Things every SMB should know to prevent phishing attacks

<span id="hs_cos_wrapper_name" class="hs_cos_wrapper hs_cos_wrapper_meta_field hs_cos_wrapper_type_text" style="" data-hs-cos-general-type="meta_field" data-hs-cos-type="text" >Things every SMB should know to prevent phishing attacks</span>

Feb 05

Feb 05

Security

Phishing attacks have become an epidemic in the business world. In fact, according to a recent study by SANS, they comprise 95% of all attacks on enterprise networks—at an average cost of $4 million in damages.

 It’s no wonder more and more enterprises have instituted user awareness and anti-phishing training programs internally to familiarize employees with precautions to take to prevent such attacks from occurring.

A priority for SMBs

 Given the frequency of the threat— 85% of all organizations have suffered from phishing attacks at one time or another—your small and midsize customers need to be vigilant too.

 However, since SMBs tend to lack extensive IT resources in house—and may not have the time or manpower to conduct security training with their employees—we’ve prepared a list of handy tips for you to suggest to them.

 These basics are simple and affordable, but they can go a long way toward minimizing the risk.

An SMB phishing checklist

  •  Never click on links from senders you don’t know or download files from suspicious emails or websites. Most phishing emails start with “Dear Customer” or a similar anonymous greeting.
  • Verify the security of websites. Look for “https:” in the URL to confirm that the site is encrypted. A closed lock icon should also appear near the address bar.
  • Never bypass digital certificate warnings or pop-ups. They’re provided for a good reason.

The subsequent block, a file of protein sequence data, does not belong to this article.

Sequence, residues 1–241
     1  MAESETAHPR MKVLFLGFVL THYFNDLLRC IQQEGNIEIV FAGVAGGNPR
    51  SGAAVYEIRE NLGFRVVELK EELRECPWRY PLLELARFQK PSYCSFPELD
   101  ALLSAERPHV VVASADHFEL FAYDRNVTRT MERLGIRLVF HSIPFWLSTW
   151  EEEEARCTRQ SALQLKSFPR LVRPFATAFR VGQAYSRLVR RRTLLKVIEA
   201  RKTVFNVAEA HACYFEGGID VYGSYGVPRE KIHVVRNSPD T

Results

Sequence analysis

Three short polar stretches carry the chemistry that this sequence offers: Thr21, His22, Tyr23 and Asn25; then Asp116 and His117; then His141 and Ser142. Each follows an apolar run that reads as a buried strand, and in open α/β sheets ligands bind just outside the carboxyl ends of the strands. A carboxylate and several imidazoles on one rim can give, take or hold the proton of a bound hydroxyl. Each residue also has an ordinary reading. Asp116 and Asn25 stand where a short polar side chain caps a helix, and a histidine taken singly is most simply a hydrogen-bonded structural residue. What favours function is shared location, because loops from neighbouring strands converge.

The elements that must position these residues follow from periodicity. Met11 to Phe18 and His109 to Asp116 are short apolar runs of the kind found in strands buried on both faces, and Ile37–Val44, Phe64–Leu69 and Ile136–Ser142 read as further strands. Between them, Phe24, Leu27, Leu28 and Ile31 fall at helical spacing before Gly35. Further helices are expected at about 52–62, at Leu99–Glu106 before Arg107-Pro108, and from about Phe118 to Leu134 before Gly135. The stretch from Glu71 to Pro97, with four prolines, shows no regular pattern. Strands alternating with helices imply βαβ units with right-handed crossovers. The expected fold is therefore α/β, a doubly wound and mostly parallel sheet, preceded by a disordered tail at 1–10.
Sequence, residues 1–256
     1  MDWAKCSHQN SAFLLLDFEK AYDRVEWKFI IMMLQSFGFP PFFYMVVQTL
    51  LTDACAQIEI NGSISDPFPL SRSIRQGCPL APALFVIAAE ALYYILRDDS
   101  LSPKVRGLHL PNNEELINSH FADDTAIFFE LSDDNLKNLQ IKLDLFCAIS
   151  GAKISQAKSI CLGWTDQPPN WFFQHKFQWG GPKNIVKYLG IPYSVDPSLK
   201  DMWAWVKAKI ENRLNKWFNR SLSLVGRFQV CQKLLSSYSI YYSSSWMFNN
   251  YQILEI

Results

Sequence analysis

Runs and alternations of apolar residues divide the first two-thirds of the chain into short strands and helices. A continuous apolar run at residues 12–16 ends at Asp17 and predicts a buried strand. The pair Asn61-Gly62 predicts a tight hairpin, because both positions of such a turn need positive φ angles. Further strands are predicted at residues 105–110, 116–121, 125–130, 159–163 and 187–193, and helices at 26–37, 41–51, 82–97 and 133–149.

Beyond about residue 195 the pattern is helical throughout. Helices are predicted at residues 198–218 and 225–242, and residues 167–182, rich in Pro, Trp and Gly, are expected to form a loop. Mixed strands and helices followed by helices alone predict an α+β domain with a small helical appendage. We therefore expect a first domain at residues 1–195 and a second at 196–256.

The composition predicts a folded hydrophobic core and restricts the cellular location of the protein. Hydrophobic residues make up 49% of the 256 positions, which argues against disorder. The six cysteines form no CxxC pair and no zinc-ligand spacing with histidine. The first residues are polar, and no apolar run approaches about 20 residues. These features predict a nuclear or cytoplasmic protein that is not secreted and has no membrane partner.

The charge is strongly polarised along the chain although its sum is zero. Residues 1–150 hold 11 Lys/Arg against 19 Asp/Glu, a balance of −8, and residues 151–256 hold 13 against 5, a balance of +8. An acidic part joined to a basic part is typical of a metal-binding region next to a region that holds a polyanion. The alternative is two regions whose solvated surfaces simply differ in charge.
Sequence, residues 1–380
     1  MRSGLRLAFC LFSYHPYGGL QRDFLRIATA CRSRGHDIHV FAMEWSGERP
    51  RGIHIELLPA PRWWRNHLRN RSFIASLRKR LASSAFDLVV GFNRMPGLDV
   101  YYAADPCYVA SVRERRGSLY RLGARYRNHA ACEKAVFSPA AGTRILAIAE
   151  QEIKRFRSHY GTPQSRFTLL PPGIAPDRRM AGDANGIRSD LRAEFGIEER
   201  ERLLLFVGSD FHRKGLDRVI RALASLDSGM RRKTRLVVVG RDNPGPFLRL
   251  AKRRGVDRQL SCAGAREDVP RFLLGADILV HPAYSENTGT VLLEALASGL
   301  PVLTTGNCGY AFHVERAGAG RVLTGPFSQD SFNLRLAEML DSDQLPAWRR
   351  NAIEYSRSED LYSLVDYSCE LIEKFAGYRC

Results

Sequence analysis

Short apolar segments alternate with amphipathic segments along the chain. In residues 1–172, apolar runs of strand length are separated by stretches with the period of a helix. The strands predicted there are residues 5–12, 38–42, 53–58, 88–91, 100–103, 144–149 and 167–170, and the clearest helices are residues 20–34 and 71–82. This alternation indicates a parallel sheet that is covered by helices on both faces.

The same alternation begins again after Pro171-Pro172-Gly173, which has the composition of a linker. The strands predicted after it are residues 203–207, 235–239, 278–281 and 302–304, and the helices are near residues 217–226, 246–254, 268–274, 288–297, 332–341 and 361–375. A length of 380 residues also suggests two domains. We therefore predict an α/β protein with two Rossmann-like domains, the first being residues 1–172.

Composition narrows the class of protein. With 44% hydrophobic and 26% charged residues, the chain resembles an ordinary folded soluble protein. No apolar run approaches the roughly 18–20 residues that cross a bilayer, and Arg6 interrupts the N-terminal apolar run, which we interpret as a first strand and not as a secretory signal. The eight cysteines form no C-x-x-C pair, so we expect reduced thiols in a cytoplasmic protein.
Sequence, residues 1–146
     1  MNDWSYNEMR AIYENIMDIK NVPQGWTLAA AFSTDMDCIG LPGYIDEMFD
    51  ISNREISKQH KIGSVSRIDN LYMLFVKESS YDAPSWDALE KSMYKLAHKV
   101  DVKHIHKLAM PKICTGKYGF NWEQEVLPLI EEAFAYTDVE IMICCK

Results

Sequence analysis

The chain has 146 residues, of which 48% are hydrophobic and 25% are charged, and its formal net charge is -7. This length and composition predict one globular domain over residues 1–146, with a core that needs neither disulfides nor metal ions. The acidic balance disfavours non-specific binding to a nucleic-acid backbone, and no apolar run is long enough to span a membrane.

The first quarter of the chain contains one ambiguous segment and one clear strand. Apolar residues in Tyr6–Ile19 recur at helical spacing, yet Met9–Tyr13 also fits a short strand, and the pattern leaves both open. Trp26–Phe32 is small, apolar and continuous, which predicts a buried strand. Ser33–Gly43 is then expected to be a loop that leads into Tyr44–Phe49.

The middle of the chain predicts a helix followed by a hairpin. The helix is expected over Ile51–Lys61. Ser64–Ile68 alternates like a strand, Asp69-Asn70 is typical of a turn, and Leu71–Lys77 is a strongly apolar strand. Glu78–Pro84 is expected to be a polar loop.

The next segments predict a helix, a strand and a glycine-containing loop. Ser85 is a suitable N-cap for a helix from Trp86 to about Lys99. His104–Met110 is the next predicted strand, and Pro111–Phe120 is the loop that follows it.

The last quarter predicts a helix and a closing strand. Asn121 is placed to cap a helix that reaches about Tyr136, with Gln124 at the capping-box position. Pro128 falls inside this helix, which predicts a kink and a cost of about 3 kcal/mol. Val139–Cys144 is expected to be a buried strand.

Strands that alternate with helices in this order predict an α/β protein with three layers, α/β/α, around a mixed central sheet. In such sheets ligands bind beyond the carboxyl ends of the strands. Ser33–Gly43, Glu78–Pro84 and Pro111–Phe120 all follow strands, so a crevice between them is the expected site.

•  Move beyond simple passwords to two-factor authentication or, at the very least, longer and more complex passwords. 
  • Back up data regularly throughout the day—every day. 
  • Install anti-phishing toolbars, which run quick checks on the sites users visit, checking them against lists of know phishing sites. 
  • Beware of pop-up ads. They’re often phishing attempts in disguise—which is why most browsers allow you to block them.
  • At the very least, install desktop firewalls (software), network firewalls (hardware) and antivirus software. Together, they can significantly reduce the chances of hackers and phishers infiltrating a company’s IT systems. For even greater protection, consider investing in advanced and more comprehensive security solutions. 
  • Update web browsers as soon as new versions become available since they usually feature the latest security features.
  • Last but not least, never give out personal or financial information online. 

Nothing is foolproof.

While it’s literally impossible to prevent all phishing attacks and other cyberthreats, following these simple precautions can go a long way toward protecting your SMB customers. The alternative is just too costly.

Topics: Security, SMB

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